Sunday, September 29, 2013

Catching up from the Summer - Valley Inn Road

I'm home from church with JoyAnna who is wrapping up her chicken pox experience, and thought I'd try and catch up on post from this summer.  I've been making fewer and fewer lunch outings these days. Possibly laziness, but maybe also a bit of needing to find a couple new spots to visit.  Though this time I went back to a often visited location, Valley Inn Road, to see if there were any signs of the Northern Flicker fledglings.

When I headed to the nest hole I had found earlier in the spring, there was no sign of the birds.  However, through a gap in the trees there, I could see a Great Blue Heron which had landed down in the Grind Stone Creek ponds.

Great Blue Heron

After landing, it had plumped up its feathers and was displaying its breeding plumage, wispy feathers on its back, breast and back of its head.  The next shot shows how tightly it can compress its feathers to minimize its profile while hunting.

Great Blue Heron

More recently I saw a bird at this same location and with help, got a pretty firm ID as a Warbling Vireo.  I briefly saw a bird with similar characteristics again in roughly the location that day and got two pictures.  I'm pretty sure it's the Warbling Vireo again.  The black tip on the beak, hints of the markings by the eyes contributed to my tentative ID.  I'm hoping for a good view and some clear pictures some day.

poor views of a Warbling Vireo??

I headed a bit further along the trail from the Flicker nest and walked down to the Grindstone Creek bank.  As I approached I flushed what was probably one of the adults from the nest and it warily eyed me from a sapling across the water.

Northern Flicker
As I turned around and walked back along the trail, the familiar song of the Carolina Wren let me know a little bird would be perched on a prominent branch out in open somewhere, head thrown back and its little beak wide open singing the tune God gave it to boast.  It was.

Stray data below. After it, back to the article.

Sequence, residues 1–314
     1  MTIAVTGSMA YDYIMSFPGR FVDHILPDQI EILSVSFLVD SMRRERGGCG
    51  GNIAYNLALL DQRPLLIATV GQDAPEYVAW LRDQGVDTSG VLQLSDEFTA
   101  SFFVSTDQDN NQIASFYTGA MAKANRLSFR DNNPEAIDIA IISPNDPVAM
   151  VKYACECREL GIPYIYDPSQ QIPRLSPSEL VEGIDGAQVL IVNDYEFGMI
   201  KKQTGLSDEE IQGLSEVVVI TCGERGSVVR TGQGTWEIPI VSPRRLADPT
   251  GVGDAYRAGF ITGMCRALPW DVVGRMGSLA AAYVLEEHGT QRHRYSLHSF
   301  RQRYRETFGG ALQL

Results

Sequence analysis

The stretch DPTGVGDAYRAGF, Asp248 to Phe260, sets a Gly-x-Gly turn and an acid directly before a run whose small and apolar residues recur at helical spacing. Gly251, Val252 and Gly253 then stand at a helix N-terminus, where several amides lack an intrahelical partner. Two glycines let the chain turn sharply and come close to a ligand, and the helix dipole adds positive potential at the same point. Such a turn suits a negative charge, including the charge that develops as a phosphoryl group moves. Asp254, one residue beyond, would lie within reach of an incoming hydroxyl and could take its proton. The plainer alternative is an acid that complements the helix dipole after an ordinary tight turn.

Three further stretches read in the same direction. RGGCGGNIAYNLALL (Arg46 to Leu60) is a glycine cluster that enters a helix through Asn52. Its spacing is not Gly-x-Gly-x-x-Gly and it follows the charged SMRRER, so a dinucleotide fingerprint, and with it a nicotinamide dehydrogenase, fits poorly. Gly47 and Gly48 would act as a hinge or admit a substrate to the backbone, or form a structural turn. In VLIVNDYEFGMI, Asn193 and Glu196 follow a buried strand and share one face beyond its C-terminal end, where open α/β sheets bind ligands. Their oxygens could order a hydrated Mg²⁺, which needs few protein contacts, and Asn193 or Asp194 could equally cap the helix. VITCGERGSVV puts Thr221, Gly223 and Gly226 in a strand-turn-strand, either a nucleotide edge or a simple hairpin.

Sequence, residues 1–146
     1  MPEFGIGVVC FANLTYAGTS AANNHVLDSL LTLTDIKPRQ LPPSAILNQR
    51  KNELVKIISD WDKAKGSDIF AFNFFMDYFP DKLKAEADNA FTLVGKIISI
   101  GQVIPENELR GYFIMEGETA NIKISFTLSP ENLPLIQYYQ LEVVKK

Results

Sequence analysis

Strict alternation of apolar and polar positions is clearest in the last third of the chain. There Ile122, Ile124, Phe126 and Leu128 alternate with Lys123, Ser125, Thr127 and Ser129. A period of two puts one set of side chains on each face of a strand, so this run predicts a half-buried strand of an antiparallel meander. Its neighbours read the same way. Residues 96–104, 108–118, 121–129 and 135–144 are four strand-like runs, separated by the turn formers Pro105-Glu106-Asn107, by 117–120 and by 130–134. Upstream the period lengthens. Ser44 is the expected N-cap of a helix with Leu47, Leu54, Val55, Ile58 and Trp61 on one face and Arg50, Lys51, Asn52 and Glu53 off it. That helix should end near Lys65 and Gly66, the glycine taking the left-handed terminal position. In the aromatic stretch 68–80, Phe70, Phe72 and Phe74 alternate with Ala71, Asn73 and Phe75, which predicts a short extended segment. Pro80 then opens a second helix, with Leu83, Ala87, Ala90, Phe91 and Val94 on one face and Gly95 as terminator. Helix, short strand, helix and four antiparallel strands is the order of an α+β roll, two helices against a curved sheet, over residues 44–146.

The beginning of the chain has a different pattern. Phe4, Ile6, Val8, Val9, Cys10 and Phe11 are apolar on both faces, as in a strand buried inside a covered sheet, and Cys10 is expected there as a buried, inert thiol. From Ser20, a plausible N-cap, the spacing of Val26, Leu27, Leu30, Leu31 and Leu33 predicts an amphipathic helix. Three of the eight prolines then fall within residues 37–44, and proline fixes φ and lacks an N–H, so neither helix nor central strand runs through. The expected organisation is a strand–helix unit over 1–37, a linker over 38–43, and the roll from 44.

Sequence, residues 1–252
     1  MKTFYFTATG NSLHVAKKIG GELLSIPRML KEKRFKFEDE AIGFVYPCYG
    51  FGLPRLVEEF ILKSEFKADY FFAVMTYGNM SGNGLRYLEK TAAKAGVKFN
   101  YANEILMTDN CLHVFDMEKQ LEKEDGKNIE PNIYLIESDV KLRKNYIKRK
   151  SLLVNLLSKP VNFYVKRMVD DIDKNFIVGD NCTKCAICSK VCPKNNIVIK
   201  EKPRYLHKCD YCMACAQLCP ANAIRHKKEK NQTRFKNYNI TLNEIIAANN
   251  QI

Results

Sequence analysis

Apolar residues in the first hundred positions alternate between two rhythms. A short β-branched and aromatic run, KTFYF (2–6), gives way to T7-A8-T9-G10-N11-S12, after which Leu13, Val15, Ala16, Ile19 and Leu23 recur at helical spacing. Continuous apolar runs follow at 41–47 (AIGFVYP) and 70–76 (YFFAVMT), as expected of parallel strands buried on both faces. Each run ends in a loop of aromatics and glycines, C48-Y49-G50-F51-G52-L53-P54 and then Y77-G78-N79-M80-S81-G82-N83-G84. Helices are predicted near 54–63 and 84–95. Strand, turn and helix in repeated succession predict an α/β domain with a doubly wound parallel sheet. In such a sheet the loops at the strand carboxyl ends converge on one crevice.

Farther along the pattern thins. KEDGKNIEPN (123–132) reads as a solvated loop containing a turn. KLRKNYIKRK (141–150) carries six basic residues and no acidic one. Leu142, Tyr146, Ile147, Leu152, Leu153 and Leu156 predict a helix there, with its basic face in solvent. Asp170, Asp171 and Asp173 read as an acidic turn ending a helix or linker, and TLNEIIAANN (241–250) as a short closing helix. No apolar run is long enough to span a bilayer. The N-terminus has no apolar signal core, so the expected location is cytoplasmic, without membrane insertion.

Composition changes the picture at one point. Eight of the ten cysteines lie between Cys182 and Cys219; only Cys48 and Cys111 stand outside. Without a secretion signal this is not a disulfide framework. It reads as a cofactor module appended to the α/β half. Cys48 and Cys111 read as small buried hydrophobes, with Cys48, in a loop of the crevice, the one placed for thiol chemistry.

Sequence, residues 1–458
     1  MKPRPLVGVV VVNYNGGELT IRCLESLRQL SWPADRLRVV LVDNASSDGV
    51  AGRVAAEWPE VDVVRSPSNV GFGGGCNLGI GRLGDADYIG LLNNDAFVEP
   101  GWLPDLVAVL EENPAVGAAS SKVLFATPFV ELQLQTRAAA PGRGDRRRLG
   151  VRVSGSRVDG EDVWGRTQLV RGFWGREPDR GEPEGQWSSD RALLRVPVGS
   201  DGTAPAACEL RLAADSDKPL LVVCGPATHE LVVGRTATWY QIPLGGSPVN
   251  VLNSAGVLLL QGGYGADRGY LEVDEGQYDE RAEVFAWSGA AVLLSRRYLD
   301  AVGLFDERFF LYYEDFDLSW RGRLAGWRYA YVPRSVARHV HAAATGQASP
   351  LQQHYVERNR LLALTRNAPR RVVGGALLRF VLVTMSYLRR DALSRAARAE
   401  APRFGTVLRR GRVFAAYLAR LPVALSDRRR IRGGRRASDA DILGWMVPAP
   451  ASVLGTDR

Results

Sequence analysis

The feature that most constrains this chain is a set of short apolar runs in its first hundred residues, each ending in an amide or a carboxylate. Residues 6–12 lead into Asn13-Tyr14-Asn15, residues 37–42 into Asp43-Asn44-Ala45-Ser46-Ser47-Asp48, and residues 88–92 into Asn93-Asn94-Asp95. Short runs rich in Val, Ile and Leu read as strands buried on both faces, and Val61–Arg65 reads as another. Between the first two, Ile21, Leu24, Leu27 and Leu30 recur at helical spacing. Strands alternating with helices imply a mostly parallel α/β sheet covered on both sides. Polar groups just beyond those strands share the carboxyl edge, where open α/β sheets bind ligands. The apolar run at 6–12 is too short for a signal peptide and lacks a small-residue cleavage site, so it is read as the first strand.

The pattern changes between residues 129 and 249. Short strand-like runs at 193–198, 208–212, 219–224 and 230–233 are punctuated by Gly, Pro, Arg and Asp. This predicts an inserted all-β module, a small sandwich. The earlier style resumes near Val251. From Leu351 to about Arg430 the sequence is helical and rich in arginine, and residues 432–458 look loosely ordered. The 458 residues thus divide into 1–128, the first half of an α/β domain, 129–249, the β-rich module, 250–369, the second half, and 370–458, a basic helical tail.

Carolina Wren

The treat of the afternoon though was a little fledgling, alone on a branch of a dead tree, that was fluttering and periodically chirping away a call for attention in the way of food.  I didn't have to wait long for the parent to come, bringing a meal fit for a young Tree Swallow.  These two series are the result of a number of attempts to get on the right side of the action and the mid day sun.

Tree Swallow fledgling anticipating a meal.

Tree Swallow fledgling and parent.

Tree Swallow fledgling and parent.
Tree Swallow fledgling and parent.

I was also trying out the RAW file format on my camera.  I'm glad I did for this series, as the JPG pictures were somewhat over exposed.  Recording in RAW means there is more data recorded without the compression and "finalization" done for the JPG file format.  However, it means there is more noise in the pictures as the camera also automatically does its own noise reduction before finalizing the JPG file.  Amazing what all goes on in the little machine that clicks away, processes and records reams of data in split seconds. But as I've mentioned before, it begs that we notice the meager comparison to the amazing gift of sight, comprehension, decision abilities we've been created with.  Scientists are only coming close to just replicating the type of processing power simple neuron networks have.  And our brains contain more than 100 billion.

Tree Swallow fledgling.

Tree Swallow fledgling being fed.

Tree Swallow fledgling being fed.

Tree Swallow fledgling being fed.

Tree Swallow fledgling being fed.